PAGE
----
I've read two hilarious posts recently about US/UK pronounciation. Mike over at Postcards from Across the Pond wrote a hilarious piece about trying to communicate with a taxi driver inEngland, and Brit Out of Water was shocked to find himself saying Home Depot the way Americans do - Deepo, as opposed to Deppo. I admit that I too say Deepo, mainly because I've only ever heard the whole phrase in the States. Home Deppo would sound strange.
I caused great hilarity in England a year or two ago, when I mentioned the Toyota Celica car, and pronounced it Sellika as they do here. My family insisted it was Saleeka, and cut me no slack because I'd only ever heard one pronounciation of it. My American sons find it equally amusing, on watching Top Gear, that Brits pronounce the Hyundai High un Die. Here in the States, it's pronounced Hunday. I have to say the Brit pronounciation sounds more Japanese to my untrained ear, but I choose my battles with my kids, and arguing about the right way to pronounce a stupid car name doesn't even make the list.
I can say Bayzil (for Basil) without too much pain, and oREGano rolls off the tongue too, but the American word I swear I will never embrace is tomaydo. Despite being teased, imitated and misunderstood in sandwich shops, I just can't do it. You see, it not only requires a change in the pronounciation of the "a", it also demands that the "t" be replaced by a "d". Too many accommodations in one word for me. Besides, I always think Brits who fall victim to the "d" sound a bit weird. Not being judgmental or anything, I just don't understand how you can grow to be an adult speaking one way, then adopt something fairly different within a year, or even a decade.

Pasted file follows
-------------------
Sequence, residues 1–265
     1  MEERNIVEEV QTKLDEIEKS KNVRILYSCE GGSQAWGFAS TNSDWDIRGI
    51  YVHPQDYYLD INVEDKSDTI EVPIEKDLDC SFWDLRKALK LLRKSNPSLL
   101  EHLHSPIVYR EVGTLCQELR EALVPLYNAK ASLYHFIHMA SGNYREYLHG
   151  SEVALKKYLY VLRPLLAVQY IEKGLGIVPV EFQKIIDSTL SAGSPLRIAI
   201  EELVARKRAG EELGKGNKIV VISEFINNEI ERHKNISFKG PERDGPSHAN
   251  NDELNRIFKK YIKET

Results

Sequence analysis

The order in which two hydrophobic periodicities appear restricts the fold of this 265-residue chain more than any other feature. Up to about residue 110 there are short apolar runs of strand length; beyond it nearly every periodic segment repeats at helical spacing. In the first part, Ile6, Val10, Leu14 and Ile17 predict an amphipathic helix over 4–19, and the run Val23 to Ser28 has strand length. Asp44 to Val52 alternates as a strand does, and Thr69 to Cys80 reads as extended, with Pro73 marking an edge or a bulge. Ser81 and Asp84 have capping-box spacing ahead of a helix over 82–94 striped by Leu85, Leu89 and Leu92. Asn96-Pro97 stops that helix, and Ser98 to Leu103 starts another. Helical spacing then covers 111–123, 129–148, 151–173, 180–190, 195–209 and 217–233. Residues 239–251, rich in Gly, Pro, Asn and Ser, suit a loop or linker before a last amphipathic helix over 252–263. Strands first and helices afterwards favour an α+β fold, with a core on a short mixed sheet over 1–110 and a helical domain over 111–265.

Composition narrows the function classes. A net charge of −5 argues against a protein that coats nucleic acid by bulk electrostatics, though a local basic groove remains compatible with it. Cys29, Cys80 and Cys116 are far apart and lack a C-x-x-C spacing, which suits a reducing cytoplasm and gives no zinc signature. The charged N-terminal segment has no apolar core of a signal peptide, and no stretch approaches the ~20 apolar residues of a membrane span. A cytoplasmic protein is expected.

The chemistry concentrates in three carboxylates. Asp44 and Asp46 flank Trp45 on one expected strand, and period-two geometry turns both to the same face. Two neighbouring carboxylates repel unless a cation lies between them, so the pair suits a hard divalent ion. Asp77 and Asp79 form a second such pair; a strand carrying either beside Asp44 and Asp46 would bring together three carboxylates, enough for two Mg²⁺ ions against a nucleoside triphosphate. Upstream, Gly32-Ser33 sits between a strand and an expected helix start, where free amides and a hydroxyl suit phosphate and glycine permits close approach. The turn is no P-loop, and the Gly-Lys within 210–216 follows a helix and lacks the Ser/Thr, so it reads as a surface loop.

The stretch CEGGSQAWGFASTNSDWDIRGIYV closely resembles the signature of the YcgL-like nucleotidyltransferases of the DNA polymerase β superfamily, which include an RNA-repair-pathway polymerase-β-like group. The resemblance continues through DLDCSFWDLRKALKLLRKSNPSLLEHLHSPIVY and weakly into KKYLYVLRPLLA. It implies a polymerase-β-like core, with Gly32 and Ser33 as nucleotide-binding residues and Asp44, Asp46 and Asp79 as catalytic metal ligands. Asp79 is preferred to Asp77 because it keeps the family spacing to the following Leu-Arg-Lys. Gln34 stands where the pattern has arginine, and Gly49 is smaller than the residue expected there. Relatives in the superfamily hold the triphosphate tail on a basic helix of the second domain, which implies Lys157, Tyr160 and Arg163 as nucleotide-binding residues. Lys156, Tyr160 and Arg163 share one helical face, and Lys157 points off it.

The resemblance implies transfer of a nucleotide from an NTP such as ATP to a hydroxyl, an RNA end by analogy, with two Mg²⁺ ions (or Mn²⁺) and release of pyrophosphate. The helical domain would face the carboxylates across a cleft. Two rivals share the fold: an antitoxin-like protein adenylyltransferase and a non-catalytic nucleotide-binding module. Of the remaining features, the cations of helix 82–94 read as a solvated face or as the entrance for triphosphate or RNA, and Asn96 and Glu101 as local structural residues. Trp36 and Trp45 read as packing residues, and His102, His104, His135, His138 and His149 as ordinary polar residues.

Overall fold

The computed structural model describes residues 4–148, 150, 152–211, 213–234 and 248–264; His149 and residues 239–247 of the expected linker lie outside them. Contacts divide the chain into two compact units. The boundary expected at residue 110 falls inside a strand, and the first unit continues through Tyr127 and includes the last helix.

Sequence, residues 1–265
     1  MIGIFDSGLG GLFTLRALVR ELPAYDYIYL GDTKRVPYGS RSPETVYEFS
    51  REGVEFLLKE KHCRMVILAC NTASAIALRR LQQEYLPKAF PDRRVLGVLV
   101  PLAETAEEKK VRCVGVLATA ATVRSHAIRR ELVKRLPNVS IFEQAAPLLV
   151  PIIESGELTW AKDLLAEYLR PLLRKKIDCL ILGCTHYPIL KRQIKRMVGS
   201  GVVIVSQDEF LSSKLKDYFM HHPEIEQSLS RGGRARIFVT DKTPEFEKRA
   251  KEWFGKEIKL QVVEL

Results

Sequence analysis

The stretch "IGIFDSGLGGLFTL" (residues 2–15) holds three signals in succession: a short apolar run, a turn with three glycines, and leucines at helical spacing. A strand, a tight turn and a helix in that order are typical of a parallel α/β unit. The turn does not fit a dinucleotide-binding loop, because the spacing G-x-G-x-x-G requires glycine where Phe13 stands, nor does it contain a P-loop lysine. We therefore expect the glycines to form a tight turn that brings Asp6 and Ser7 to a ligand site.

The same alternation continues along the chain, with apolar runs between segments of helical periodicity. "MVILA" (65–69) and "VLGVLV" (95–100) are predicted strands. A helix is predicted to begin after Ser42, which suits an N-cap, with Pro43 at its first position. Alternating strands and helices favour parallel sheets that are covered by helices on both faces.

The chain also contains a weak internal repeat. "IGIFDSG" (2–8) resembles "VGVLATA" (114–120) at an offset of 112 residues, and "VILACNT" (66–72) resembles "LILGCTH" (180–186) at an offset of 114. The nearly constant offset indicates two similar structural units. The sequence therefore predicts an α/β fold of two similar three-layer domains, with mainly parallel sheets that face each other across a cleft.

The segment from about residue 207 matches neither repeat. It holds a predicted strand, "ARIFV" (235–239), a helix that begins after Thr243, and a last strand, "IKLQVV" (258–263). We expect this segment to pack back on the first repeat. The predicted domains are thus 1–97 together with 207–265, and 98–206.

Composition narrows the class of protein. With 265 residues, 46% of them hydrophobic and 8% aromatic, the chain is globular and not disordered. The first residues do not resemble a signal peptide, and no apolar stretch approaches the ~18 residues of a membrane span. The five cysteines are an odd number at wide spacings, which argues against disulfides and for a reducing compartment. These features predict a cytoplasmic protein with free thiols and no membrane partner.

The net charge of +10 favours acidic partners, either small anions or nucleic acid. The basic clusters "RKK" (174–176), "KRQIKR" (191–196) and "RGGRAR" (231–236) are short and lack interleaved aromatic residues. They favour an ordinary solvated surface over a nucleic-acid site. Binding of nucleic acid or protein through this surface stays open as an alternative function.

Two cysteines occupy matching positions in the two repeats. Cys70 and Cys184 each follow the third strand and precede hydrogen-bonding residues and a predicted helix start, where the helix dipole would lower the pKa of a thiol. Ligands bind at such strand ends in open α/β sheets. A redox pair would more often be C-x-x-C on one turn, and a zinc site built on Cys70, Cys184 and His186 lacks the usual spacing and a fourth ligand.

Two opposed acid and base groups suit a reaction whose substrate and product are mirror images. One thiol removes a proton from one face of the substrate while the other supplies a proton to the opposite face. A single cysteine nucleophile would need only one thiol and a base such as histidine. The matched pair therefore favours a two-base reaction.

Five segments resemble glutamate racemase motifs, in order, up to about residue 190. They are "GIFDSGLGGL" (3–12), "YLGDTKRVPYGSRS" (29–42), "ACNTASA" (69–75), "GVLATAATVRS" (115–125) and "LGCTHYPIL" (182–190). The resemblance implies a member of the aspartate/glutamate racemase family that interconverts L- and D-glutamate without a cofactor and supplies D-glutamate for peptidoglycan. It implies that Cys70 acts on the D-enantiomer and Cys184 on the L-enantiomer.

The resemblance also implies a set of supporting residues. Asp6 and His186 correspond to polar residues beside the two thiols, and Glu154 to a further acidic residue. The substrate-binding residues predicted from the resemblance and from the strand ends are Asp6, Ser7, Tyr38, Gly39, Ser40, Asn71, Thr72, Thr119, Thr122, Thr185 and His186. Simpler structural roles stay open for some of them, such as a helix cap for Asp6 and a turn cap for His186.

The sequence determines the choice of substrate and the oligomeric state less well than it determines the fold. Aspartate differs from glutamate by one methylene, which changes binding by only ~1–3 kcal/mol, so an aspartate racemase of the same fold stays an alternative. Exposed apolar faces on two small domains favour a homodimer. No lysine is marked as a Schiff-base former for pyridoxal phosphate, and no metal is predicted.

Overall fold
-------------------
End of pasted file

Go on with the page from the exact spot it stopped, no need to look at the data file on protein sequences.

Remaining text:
This stubborness on my part makes for some interesting challenges while in those deli sandwich shops. I quite like tomatoes, and am not averse to having them in those big sub sandwiches, but only if I don't have to ask for them. Sometimes I get lucky and the server points to things which I then only need to say yes or no to. However, if they say "What else would you like in your sandwich?" I usually stick with lettuce, cheese and onion.